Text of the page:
Between the fight of the year and winning a title, Provodnikov accomplished what he had set out to do in boxing, besides providing for his family.
"Most of my original goals have been achieved," he said. "When I was younger I would watch Mike Tyson fight. It was my dream to meet him and I finally realized that dream at the BWAA awards dinner (in May) when he shook my hand and presented me with the fight of the year award. Now it is time to set new goals where I can help others."
Given the way Provodnikov fights -- all-out, all the time -- it would go against the norm if he has a long career at the top. But that is OK with the 30-year-old.
"I am focusing on a shorter, more prominent career; I only want the big fights, the fights the fans want to see," he said. "I want to make an impact and leave. I do not want to outstay my welcome in boxing. Money has never been my primary goal. I want to make the most out of my abilities to be my best in the ring. The respect of the fans and my achievements mean more to me than a title belt."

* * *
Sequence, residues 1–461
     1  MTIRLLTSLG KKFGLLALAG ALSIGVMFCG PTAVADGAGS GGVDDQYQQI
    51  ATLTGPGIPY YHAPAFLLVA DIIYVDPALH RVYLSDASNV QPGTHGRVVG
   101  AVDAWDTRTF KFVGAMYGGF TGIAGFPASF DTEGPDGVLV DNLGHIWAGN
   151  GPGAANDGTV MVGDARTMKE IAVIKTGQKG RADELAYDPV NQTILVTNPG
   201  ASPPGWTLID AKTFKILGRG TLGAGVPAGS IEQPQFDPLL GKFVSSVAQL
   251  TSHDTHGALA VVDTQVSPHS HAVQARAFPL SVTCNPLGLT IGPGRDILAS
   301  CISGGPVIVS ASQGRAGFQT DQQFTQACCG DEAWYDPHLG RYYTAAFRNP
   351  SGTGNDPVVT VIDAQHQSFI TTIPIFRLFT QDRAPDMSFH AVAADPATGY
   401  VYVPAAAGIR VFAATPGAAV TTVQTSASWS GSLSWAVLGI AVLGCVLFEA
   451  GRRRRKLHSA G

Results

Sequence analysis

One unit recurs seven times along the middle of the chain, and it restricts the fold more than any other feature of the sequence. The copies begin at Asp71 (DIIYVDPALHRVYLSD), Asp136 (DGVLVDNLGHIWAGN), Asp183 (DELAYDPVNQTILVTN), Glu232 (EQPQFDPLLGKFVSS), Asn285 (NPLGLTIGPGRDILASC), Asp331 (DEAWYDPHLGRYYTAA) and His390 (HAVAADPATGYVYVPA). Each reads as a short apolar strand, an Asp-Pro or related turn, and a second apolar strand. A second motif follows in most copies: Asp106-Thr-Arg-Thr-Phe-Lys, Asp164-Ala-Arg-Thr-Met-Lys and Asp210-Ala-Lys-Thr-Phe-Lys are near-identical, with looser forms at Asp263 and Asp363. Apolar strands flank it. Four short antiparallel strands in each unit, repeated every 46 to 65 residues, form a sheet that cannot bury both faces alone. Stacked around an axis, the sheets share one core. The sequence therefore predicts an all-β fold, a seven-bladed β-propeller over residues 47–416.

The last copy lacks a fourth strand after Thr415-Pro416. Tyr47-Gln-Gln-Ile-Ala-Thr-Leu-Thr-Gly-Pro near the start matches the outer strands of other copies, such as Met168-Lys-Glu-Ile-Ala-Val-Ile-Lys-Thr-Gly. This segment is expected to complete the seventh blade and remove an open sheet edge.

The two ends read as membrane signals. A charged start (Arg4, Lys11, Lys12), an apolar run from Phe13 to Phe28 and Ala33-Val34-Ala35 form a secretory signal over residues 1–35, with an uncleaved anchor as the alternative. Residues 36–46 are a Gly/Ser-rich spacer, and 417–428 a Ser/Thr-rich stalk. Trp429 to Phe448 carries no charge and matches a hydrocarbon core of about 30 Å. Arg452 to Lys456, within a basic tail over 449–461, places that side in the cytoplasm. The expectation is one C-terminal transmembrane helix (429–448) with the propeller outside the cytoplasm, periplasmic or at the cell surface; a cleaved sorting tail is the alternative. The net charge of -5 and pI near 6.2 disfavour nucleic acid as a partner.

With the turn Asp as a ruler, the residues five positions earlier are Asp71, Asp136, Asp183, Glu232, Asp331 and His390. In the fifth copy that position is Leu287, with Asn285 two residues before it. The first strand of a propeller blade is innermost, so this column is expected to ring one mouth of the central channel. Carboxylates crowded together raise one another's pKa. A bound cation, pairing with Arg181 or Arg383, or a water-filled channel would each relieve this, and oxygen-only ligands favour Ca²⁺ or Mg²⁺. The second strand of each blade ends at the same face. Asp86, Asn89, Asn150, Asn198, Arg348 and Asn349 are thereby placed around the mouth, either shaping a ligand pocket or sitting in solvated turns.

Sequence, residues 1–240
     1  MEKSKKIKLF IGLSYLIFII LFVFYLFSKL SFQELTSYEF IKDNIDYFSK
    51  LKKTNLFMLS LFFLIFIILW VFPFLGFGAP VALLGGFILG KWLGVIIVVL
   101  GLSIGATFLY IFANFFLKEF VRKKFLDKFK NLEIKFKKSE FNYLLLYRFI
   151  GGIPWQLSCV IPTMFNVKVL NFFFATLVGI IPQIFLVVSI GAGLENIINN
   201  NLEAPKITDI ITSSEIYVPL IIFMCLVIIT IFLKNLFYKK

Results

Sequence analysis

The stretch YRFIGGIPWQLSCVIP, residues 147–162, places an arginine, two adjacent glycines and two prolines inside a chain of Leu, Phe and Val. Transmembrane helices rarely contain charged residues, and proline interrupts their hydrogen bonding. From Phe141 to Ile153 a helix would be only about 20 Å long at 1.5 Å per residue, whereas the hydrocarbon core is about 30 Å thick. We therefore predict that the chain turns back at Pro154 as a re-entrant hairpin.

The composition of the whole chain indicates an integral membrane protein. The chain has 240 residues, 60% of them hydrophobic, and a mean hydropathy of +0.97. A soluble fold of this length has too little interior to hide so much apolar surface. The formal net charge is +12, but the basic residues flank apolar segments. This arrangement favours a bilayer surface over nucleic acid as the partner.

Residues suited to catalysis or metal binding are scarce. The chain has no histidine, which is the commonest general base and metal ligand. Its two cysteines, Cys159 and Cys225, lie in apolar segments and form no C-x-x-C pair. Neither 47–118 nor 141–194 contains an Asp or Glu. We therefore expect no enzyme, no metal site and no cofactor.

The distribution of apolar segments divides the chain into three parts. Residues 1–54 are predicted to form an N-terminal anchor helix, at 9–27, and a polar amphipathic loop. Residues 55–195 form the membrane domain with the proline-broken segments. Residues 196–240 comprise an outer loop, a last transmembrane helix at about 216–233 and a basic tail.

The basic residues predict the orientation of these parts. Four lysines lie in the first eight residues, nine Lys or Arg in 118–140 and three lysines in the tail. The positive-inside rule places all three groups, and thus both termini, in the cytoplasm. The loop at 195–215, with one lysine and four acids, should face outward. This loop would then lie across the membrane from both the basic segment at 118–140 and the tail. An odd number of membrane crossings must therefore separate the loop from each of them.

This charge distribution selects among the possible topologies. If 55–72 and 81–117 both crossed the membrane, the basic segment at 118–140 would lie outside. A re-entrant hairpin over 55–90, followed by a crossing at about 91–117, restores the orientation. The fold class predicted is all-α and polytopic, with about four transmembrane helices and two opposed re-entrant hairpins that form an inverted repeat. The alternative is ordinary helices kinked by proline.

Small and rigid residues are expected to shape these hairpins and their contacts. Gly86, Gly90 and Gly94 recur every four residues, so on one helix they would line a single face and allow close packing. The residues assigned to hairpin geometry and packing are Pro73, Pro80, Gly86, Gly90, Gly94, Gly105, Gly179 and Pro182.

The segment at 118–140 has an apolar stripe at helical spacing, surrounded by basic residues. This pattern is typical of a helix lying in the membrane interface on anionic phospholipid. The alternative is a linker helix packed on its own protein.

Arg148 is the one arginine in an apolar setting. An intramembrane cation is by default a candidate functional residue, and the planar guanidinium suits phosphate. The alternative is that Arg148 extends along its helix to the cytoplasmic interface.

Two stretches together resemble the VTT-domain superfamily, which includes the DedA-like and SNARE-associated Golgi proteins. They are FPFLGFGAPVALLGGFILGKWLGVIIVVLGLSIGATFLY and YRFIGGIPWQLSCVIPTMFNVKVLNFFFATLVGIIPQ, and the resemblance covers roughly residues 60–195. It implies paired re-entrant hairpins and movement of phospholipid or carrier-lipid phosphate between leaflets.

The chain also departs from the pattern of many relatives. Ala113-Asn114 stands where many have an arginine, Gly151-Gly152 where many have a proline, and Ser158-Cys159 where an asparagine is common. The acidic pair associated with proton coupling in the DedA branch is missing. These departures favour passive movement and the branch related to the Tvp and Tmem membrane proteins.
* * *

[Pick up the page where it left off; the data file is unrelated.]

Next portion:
That's about as honest as a fighter gets, but there's more as he reflected on his difficult upbringing.
"I did not have an easy time growing up in Siberia," he said. "I don't know where my childhood friends are now. Most are probably in jail. I stole food, sniffed glue, smoked and drank. My amateur boxing coach saved my life and helped to redirect my life toward being a productive person."
His dedication to boxing paid off with the title and financial security.
"I don't like to spend my money on frivolous things, and I haven't," he said. "My family is secure and our life has improved since I have become a champion. The governor of my region is having a sports complex built dedicated in my name."
Algieri (19-0, 8 KOs), 30, will be facing his most accomplished opponent. He's in a similar situation to the one Provodnikov faced was when he fought Bradley: opponent and heavy underdog. In addition, the former kickboxer is not much of a puncher, but his movement and speed could trouble the straight-ahead Provodnikov.